In 2018, Mewburn, Will J. Grant, Hanna Suominen and Stephanie Kizimchuk used machine learning and natural language processing to analyze the content of non-academic Australian job advertisements to understand what proportion of positions would be suitable for PhD graduates. In 2020, Mewburn, Chenchen Xu, Hanna Suominen and Will J. Grant launched the PostAc tool, a real-world instantiation of her research that aims to help research degree graduates find employment. It aims to make the market for advanced research skills more visible to job seekers.[33][34][35]

Selected publications[edit]

  • Mewburn, Inger. Becoming an Academic: How to Get through Grad School and Beyond. Baltimore, USA: Johns Hopkins University Press, 2019. ISBN 978-1421428802.[36]
  • Mewburn, Inger, Katherine Firth, and Shaun Lehmann. How to Fix Your Academic Writing Trouble: A Practical Guide. London, UK: London Open University Press, 2019. ISBN 978-0335243327.[37]
  • Mewburn, Inger, and Pat Thomson. “Why Do Academics Blog? An Analysis of Audiences, Purposes and Challenges.” Studies in Higher Education 38, no. 8 (October 1, 2013): 1105–19. DOI:10.1080/03075079.2013.835624.[27]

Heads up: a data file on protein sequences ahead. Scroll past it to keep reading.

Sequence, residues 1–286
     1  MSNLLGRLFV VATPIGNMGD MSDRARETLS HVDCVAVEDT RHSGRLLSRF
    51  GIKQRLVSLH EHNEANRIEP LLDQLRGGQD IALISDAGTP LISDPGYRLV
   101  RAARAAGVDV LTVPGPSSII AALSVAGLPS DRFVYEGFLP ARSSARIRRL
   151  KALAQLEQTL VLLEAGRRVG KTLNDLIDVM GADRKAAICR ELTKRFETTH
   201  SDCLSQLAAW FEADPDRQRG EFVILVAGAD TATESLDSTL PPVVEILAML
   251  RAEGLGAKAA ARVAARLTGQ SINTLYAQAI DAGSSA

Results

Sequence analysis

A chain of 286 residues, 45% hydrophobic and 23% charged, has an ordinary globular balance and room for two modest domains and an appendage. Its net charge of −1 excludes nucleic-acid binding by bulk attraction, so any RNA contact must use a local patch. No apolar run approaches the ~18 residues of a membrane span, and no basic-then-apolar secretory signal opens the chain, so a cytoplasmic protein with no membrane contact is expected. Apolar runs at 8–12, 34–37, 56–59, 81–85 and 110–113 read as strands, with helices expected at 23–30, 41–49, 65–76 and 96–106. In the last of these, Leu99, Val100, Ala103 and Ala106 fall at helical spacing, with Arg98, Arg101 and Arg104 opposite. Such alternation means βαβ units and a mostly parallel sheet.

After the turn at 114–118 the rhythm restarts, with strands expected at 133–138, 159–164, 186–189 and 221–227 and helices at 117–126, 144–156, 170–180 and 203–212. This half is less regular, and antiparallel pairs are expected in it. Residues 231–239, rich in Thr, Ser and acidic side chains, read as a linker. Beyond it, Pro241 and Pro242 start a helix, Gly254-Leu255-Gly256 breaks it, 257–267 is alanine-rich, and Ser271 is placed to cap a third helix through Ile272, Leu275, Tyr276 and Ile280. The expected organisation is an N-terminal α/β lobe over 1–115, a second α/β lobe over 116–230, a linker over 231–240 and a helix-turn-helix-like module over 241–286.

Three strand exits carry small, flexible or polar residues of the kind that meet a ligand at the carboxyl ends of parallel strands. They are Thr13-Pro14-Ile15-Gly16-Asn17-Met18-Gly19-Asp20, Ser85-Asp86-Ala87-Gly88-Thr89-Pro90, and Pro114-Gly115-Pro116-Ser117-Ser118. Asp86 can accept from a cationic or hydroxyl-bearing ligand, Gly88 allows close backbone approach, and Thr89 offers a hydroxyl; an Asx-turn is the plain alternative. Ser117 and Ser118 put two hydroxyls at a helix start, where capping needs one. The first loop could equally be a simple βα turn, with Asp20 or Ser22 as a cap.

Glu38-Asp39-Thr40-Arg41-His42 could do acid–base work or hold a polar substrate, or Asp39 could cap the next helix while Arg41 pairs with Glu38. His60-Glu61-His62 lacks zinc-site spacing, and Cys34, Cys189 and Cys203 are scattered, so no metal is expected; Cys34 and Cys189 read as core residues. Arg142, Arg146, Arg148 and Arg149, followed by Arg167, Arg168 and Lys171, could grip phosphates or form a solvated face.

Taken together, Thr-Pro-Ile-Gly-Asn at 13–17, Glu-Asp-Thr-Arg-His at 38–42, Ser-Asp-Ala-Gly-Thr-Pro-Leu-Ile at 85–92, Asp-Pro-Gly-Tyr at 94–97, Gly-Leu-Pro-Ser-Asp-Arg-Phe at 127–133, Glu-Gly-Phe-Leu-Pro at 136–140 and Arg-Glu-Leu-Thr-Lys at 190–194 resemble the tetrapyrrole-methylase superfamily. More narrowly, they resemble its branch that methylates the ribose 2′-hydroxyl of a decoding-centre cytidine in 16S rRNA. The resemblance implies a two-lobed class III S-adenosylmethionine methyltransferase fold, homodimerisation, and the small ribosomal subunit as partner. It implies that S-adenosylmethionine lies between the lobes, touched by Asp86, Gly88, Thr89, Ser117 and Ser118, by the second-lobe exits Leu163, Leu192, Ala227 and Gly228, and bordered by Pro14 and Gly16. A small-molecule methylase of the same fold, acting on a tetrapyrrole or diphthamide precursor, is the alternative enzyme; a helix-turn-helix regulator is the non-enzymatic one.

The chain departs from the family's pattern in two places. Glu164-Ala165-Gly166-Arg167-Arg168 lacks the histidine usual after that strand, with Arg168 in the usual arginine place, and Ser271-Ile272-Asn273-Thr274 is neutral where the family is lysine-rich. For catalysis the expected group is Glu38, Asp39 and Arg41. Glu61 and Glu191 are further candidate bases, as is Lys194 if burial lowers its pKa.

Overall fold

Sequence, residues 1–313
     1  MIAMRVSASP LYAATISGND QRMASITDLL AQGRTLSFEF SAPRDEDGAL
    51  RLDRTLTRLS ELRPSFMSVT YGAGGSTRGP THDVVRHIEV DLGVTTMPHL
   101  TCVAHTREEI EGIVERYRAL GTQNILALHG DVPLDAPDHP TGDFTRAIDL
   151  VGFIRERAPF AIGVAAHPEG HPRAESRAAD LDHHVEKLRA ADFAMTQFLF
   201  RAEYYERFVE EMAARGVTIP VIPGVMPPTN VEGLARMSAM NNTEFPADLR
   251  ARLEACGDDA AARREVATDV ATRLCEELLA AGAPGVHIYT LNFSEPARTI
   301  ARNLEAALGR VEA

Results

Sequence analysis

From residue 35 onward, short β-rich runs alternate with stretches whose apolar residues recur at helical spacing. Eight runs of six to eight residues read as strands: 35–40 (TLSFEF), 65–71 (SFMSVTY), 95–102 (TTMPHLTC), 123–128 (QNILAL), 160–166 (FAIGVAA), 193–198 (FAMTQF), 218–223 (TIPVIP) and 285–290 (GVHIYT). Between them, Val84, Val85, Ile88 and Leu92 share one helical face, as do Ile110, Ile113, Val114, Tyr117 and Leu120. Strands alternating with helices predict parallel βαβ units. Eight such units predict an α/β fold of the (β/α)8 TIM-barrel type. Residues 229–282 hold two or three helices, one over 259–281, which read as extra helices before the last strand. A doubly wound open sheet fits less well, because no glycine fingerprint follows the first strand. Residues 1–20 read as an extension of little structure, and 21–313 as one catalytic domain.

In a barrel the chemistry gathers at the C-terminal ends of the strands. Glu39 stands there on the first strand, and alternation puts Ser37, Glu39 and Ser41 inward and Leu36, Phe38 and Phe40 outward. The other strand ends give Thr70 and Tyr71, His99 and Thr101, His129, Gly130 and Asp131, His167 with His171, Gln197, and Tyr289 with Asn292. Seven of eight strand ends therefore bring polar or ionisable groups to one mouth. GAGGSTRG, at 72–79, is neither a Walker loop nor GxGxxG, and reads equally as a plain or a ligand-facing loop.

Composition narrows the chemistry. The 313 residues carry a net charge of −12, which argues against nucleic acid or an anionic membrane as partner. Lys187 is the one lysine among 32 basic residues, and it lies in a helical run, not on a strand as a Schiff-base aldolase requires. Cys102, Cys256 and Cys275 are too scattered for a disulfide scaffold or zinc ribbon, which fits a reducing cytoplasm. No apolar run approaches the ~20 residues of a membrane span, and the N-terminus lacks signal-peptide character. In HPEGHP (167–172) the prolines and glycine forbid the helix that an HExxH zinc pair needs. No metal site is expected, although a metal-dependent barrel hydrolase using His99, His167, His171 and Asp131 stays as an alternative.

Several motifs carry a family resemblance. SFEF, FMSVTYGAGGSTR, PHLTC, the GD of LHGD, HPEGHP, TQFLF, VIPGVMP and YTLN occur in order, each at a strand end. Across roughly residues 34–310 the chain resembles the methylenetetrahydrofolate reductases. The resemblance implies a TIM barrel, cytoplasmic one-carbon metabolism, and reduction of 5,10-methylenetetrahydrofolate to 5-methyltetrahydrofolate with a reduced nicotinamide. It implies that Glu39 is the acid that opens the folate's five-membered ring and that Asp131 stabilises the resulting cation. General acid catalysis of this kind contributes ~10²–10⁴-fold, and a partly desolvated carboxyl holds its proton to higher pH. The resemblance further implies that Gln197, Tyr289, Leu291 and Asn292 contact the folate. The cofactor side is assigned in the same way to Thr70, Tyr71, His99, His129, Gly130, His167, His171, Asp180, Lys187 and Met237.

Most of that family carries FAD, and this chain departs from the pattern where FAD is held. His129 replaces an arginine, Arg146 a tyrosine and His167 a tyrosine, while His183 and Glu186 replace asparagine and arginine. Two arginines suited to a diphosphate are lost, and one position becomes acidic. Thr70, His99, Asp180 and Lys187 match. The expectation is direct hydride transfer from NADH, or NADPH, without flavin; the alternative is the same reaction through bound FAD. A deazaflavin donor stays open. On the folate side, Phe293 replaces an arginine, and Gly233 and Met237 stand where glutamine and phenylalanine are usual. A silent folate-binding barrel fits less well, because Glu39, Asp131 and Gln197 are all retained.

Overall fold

• Barnacle, Robyn, and Inger Mewburn. “Learning Networks and the Journey of ‘Becoming Doctor.’” Studies in Higher Education 35, no. 4 (June 1, 2010): 433–44. DOI:10.1080/03075070903131214.[24]

Awards and recognition[edit]

  • 2020: Special commendation for leadership, Australian Council of Graduate Research.[38]
  • 2019: Admitted as Vitae Senior Research Developer Fellow.
  • 2017: Grant from the Discovery Translation Funds, Canberra Innovation Network, to develop the 'PostAc' application (AUD$150K).[39]
  • 2017: Vice Chancellor’s award for innovation and excellence in service, Australian National University.[40]